Soon another announcement is made concerning luggage. To ensure that the aisles are kept clear large items should be stowed in the racks at the end of each coach, with small and medium weight items on the racks above the seats. Please keep an eye on your luggage at all times and make sure you take it with you when leaving the train. Furthermore please watch other items of luggage and if they appear to be unattended inform a member of the train staff or British Transport Police immediately. All of this seemed a far cry from the 1970s when travel seemed much more carefree. Even more so from the 1960s when for the price of a 3d platform ticket we would manoeuvre the parcels barrows from under the canopy at St Davids out into the sunshine at the end of platform 5 which would then provide a seat with an uninterrupted view of all the running lines and engine shed.
With speed approaching 90mph we pass the site of Exminster Station. Closed in 1964 the loops and sidings remained until the semaphore signals were replaced in 1985. Speed falls off as we run beside the estuary and past Powderham Castle with its large herd of deer. The next station is Starcross where a ferry still operates in the summer to Exmouth. In GWR/WR days this was advertised as the route to Exmouth. Now there is an hourly service from Starcross via Exeter St Davids.
Leaving Newton Abbot we run on the four track section to Aller Divergence where we swing off to the right. Still visible alongside the line are the remains of the former loop. Until the end of the 1960s a Class 43 NBL Warship would wait ‘smouldering’ away ready to bank the next westbound freight. Compared to the 1970s the HST romps up the 1 in 37 of Dainton Bank. As we curve through the woods we pass Stoneycombe Quarry the trackbed of the two quarry lines clearly visible beside us. On our right the former Stoneycombe Signal box still exists, now boarded up. Bursting out of the woods we curve up the final yards to Dainton Tunnel.
Emerging from the west entrance to the tunnel we pass the site of Dainton signal box and its adjacent sidings, although I was never sure what they were used for. With the brakes constraining our speed we snake down through the curves of the west side of Dainton Bank. As we approach Totnes the preserved South Devon Railway (formerly the Dart Valley) swings in on the right with their southern terminus. Called Broadhempston it is linked by a footpath to Totnes Station. The layout at Totnes is largely unchanged since the 1970s, but the sidings where the milk tanks were stabled and motorail wagons unloaded have been lifted allowing the up platform to be extended. Sadly the former dairy stands derelict beside the station. The former signalbox has survived and re-opened as a café.
Continuing downhill towards Plymouth speed is kept in check as we approach Cornwood and sweep over the impressive Blatchford and Slade Viaducts. Soon we pass a loop on the up line and have reached Hemerdon where the 1 in 42 descent to Plympton begins. We accelerate rapidly and are soon speeding through the outskirts of Plymouth. On our right is Tavistock Junction Yard. In the 1970s mosts freights would call here, now it only contains some empty fuel tanks from Laira and and a Railtrack maintenance train.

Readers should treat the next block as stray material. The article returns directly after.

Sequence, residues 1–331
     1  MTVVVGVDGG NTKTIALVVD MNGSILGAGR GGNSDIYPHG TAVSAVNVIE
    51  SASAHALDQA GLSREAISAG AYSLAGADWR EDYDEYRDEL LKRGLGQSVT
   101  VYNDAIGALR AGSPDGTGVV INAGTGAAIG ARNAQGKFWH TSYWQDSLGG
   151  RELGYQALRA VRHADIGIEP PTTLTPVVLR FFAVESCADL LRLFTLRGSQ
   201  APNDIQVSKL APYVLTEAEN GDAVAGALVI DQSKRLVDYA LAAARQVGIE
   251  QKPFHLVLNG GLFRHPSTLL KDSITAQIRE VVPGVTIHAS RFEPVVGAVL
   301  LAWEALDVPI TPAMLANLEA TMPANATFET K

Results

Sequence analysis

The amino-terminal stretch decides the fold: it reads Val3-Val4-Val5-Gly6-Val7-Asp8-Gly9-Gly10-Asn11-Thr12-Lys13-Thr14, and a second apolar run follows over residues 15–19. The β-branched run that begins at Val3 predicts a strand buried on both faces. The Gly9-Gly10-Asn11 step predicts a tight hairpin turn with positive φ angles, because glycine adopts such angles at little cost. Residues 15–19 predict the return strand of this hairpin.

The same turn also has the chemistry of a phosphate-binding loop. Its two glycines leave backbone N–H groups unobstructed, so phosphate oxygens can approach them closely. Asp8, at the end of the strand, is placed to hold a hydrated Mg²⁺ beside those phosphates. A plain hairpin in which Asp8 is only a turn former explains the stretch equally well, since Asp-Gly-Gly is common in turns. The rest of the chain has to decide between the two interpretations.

As we run down beside the Plym estuary we look out to the left to catch a view of Laira depot. Now a base for FGW HSTs only a few spare coaches and a power car are visible. The former steam shed or ‘dump’ only contains a couple of HST barrier vehicles. Superficially the depot looks much the same as in the 1970s. Closer examination reveals that the trackwork and layout in the running shed have been adapted to cater for 2+8 HSTs rather than individual locomotives. Rather than a single fuel point that topped up incoming locomotives with diesel fuel, coolant, hydraulic fluid and sand, HSTs now need a layout with a fuel point at either end.
Speed falls off as we climb up towards Mutley Tunnel, the pair of tracks coming in on our left are the former lines to the Southern station at Plymouth Friary, now used as part of the Laira Triangle. Emerging from the tunnel we continue under a multi-storey car park, before entering Plymouth Station. As with Bristol, Plymouth now seems very empty through the loss of parcels and mail along with the attendant BRUTES trolleys and barrows. In the 1970s although there were fewer trains at Plymouth than at Exeter every train was an event. They would either arrive or depart from Laira as ECS with the engine running around, or if passing through would change engines and attach or detach a restaurant car portion.
As a general rule inter-regionals would change locomotives in both directions. Westbound Paddington trains would normally just detach the restaurant car portion with the locomotive working through to Penzance. On London and northbound inter-regional services a fresh engine would arrive from Laira, couple up to the restaurant car portion and move up into the head-shunt at the east end of the station. With the arrival of the train from Penzance the locomotive would be uncoupled and head off for Laira, and the fresh engine and restaurant car portion back down and couple-up. The station shunter would be busy moving parcels vans and portions around the station. The sidings on either side of the station would be full of newspaper and parcels vans, and restaurant car portions. Now they just stand empty.